The US Government trolls terrorist groups, voter registration via Facebook, simulating the lives of bacteria, and more while Lyle and Miles take your calls and comments.
“One of the most awesome books any young adult could read this summer… and one of the most important novels anyone of voting age could read in the months leading up to our next election.”
-Ron Hogan, Galleycat
“That coffee you’re drinking while gazing at your iPad? It cost more than all the electricity needed to run those games, emails, videos and news stories for a year.”
“Scientists at Stanford University and the J. Craig Venter Institute have developed the first software simulation of an entire organism, a humble single-cell bacterium that lives in the human genital and respiratory tracts.”
“Since the first national security letter statute was passed in 1986, the FBI has issued hundreds of thousands of such letters seeking private telecommunications and financial records of Americans without any prior approval from courts.”
“Within the State Department, a Silicon Valley veteran has quietly launched an improbable new initiative to annoy, frustrate and humiliate denizens of online extremist forums. It’s so new that it hasn’t fully taken shape: Even its architects concede it hasn’t fleshed out an actual strategy yet, and accordingly can’t point to any results it’s yielded. Its annual budget is a rounding error. The Pentagon will spend more in Afghanistan in the time it takes you to finish reading this sentence.”
“The State of Washington says that early next week it will become the first state in the nation to offer voter registration via Facebook.”
“Bonds between atoms are electrical in character: atoms share electrons or mutually ionize, creating an attractive force binding them together. However, researchers are now suggesting that it may be possible to generate magnetic bonds, resulting in stable molecules of different types than exist on Earth. While these molecules can’t be produced with even our strongest laboratory magnets, they could form in the extreme magnetic fields near white dwarfs and neutron stars, and their unique spectral signatures may make them visible through observations.”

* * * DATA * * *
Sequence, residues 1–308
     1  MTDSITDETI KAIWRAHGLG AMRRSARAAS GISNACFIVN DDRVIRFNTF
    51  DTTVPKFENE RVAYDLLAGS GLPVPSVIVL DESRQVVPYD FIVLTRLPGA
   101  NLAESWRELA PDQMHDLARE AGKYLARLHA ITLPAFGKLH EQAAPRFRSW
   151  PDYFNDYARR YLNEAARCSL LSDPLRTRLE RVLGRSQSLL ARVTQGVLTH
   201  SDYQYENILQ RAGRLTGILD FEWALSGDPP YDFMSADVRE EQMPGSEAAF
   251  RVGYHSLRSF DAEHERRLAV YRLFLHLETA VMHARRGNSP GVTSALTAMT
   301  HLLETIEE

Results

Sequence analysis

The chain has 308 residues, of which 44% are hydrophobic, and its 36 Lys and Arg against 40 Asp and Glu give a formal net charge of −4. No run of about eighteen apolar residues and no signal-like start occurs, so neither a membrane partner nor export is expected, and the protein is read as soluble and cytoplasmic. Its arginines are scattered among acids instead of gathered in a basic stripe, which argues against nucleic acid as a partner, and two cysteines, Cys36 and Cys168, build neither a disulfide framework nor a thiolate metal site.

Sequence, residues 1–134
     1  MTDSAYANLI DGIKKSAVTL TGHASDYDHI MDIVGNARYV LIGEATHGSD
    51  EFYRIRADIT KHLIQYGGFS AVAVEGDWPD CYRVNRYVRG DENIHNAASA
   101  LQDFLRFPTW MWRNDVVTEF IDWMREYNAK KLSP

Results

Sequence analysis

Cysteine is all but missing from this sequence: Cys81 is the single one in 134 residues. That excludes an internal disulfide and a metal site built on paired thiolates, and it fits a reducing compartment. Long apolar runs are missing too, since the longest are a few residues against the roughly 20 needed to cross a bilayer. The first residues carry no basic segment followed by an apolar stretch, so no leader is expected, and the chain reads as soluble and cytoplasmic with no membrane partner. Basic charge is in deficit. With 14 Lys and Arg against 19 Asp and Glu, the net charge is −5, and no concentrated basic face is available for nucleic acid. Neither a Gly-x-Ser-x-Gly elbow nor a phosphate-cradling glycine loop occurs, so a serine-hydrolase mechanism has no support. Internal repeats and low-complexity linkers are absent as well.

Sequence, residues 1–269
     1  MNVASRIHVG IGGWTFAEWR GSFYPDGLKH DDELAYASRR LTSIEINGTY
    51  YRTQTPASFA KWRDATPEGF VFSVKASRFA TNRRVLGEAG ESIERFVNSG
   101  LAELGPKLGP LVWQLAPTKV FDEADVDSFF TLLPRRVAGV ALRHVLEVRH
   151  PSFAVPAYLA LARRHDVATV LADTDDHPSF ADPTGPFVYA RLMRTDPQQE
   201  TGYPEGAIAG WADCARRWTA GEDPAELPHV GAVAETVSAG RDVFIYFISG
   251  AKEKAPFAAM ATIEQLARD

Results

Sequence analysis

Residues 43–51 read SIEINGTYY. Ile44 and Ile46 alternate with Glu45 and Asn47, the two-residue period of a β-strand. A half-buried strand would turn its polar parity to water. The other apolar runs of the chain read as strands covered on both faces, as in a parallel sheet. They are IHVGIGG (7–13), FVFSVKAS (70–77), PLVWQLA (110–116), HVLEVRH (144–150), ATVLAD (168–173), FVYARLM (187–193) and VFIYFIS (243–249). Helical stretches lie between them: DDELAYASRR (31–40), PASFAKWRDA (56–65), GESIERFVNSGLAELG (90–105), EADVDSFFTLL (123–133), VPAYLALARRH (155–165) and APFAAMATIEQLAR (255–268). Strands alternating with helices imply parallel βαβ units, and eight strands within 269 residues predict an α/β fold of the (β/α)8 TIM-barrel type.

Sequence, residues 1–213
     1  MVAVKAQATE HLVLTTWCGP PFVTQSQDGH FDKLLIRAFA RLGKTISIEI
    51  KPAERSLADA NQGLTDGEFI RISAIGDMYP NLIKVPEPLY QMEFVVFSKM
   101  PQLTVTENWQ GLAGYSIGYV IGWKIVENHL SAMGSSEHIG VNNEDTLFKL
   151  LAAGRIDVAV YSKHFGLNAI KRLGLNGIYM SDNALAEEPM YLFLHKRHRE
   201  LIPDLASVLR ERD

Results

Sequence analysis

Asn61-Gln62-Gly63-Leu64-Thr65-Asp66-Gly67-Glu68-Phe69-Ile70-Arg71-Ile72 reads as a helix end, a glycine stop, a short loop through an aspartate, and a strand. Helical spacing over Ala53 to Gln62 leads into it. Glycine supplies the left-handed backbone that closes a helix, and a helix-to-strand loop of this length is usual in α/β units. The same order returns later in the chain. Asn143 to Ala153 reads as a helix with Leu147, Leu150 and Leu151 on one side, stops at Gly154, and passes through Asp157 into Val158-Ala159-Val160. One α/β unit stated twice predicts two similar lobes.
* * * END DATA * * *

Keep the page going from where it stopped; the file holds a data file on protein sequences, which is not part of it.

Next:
“In August 2010, shortly after WikiLeaks released tens of thousands of classified documents that cataloged the harsh realities of the war in Afghanistan, a group of friends — all computer experts — gathered at the New York City headquarters of the Internet company Bitly Inc. to try and make sense of the data.”
The Foundation Series is a science fiction series by Isaac Asimov. There are seven volumes in the Foundation Series proper, which in its in-universe chronological order are Prelude to Foundation, Forward the Foundation, Foundation, Foundation and Empire, Second Foundation, Foundation’s Edge, and Foundation and Earth.
In woodworking or metal fitting, a lap joint is a technique for joining two pieces of material by overlapping them. A lap may be a full lap or half lap. In a full lap, no material is removed from either of the members to be joined, resulting in a joint which is the combined thickness of the two members. In a half lap joint, material is removed from each of the members so that the resulting joint is the thickness of the thickest member. Most commonly in half lap joints, the members are of the same thickness and half the thickness of each is removed.